The "Sweet Spot" of Fame
There aren't many artists who walk the line the way Mark Duplass does. He has directed six films, written a dozen, and currently stars on a beloved sitcom that just began its fourth season. Yet even though his face is recognizable in a what's-that-guy-been-in way, his work plays mainly to small, devoted audiences.
Duplass takes pleasure existing in what he calls the "sweet spot" of fame. Through a unique mixture of low-budget filmmaking, big-star admirers and clever improv, he has crafted a career successful enough to get projects made, but obscure enough to avoid getting mobbed when he walks down the street — and he wouldn't have it any other way.
"I grew up in the suburbs of New Orleans, in a little town called Metairie, right off of Lake Pontchartrain," Duplass says when describing the unlikely background of himself and his filmmaker brother, Jay. "It was a place where you play in the street. When the streetlights come on, you have to come inside.
"It was very safe," observes the director of "Cyrus" and star of the FX sitcom "The League." "Considering we were only four miles outside of the murderous and debaucherous environment of downtown New Orleans."
Over the years, there have been many inspiring Hollywood success stories, dating all the way back to Lana Turner being discovered at a drugstore at age 16. Decades later, two boys from Metairie would invade Hollywood and become successful because they were also in the right place at the right time. And that place was … the family couch?
"It was not a quote-unquote 'creative household,'" Mark remembers of his upbringing with Jay. "It wasn't like our parents were in the industry or musicians or filmmakers or anything … but something major happened [when] HBO arrived in our home in 1983.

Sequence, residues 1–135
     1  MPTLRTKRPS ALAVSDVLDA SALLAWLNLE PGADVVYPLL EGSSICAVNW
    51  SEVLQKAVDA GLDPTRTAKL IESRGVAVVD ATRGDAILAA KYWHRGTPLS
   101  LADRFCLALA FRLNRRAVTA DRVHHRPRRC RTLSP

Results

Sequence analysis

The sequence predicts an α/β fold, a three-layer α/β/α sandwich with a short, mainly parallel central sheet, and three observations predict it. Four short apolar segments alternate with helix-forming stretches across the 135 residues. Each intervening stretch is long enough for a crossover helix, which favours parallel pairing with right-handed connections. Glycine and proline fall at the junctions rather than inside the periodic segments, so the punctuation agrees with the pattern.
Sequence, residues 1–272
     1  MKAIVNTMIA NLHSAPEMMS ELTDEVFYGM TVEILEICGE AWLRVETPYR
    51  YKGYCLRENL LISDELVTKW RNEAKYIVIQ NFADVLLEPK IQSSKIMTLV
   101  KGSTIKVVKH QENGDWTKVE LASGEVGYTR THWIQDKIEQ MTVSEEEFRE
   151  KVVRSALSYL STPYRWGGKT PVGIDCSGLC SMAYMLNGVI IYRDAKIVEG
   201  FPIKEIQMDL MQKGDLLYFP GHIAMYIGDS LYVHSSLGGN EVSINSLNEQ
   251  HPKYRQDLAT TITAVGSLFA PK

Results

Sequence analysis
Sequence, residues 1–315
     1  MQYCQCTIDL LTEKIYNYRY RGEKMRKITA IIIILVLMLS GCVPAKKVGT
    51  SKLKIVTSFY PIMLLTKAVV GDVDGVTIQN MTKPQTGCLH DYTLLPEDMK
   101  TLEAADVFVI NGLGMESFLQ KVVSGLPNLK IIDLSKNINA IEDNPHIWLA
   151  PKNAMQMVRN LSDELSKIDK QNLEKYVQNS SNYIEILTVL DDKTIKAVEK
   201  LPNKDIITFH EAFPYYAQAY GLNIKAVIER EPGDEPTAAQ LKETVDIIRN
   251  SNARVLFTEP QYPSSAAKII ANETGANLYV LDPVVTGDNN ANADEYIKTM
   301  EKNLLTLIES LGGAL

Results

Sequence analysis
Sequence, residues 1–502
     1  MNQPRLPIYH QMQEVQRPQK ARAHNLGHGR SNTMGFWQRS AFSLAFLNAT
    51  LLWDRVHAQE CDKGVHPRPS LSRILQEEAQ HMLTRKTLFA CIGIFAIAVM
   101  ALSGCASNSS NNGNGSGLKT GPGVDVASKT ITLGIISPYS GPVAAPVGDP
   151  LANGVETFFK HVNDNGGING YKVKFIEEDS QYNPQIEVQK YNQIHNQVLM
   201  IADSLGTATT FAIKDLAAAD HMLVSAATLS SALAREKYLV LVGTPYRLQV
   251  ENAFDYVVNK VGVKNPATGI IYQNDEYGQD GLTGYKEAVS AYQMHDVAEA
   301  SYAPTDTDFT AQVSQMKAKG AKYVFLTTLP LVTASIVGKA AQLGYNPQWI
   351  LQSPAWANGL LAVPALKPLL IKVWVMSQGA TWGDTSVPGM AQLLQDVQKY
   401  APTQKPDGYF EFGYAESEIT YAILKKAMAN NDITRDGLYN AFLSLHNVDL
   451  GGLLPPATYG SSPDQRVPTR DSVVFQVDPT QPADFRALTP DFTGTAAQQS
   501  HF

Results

"They were not curating things at all back then," he explains. "I would get up on Sunday morning, turn on the TV and 'Ordinary People' was on, and then 'Kramer vs. Kramer' and then 'Midnight Express' and then 'Annie Hall.' At 6 years old, I was just like, 'What is this?'"
The brothers grew up close, shared their love for talky dramas and the power of the movies, then realized they wanted to become writer-directors. And although their parents never instilled in them a desire to become artists, Duplass says his folks gave them something even more valuable: a safety net.
"The one thing that Jay and I were raised on — which [can have] its own set of perils — was, 'You're amazing, and you can do anything.' My parents were big into confidence building," he says. "Through my early 20s, when a lot of my friends would get out of college and work crappy day jobs to get by … [My dad said], 'I'll give you $1,000 a month for the next few years, so that you can live really cheaply but you won't have to have a day job and you can make your stuff.' And that is the sole reason I have whatever success I have as an artist.
"From 22 to 25," he remembers, "I got to screw up and make tons of bad art and figure it out."
After those "bad art" films came the Duplass brothers' breakthrough in 2005 with "The Puffy Chair," followed by indie hits "Baghead," "Cyrus" and "Jeff, Who Lives at Home." He also acted in the critically acclaimed films "Greenberg" and "Humpday," and over the summer released "The Do-Deca-Pentathlon," the latest Duplass brothers comedy.
"I see so many young filmmakers who get so down on themselves. They'll save $15,000 their whole life and go blow it all on their first movie, it's not good, and then they give up," Duplass says when asked if he has advice for those who hope to follow in his footsteps. "I say, you should be making 20 to 25 really crappy $5 movies on your iPhone.
"Then," he explains, "once you get that down, it's time to buy one of these nicer cameras and try something else."